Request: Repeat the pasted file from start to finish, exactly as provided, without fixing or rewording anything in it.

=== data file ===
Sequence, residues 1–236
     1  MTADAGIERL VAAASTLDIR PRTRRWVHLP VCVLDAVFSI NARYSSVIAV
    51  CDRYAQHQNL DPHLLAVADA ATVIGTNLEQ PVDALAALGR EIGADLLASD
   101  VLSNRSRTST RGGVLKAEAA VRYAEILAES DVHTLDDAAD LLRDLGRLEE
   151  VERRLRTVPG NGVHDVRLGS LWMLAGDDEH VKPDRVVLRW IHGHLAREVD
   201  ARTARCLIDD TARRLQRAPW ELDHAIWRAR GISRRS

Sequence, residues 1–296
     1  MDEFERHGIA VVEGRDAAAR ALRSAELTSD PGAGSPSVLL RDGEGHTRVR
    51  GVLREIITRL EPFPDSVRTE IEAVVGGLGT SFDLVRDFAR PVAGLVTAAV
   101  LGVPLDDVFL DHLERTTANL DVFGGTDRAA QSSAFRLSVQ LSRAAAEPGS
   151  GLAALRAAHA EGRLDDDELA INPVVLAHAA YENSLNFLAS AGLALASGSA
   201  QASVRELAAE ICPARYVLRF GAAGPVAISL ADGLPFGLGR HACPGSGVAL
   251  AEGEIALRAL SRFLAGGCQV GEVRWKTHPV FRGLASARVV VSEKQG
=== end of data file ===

Sequence, residues 1–236
     1  MTADAGIERL VAAASTLDIR PRTRRWVHLP VCVLDAVFSI NARYSSVIAV
    51  CDRYAQHQNL DPHLLAVADA ATVIGTNLEQ PVDALAALGR EIGADLLASD
   101  VLSNRSRTST RGGVLKAEAA VRYAEILAES DVHTLDDAAD LLRDLGRLEE
   151  VERRLRTVPG NGVHDVRLGS LWMLAGDDEH VKPDRVVLRW IHGHLAREVD
   201  ARTARCLIDD TARRLQRAPW ELDHAIWRAR GISRRS

Sequence, residues 1–296
     1  MDEFERHGIA VVEGRDAAAR ALRSAELTSD PGAGSPSVLL RDGEGHTRVR
    51  GVLREIITRL EPFPDSVRTE IEAVVGGLGT SFDLVRDFAR PVAGLVTAAV
   101  LGVPLDDVFL DHLERTTANL DVFGGTDRAA QSSAFRLSVQ LSRAAAEPGS
   151  GLAALRAAHA EGRLDDDELA INPVVLAHAA YENSLNFLAS AGLALASGSA
   201  QASVRELAAE ICPARYVLRF GAAGPVAISL ADGLPFGLGR HACPGSGVAL
   251  AEGEIALRAL SRFLAGGCQV GEVRWKTHPV FRGLASARVV VSEKQG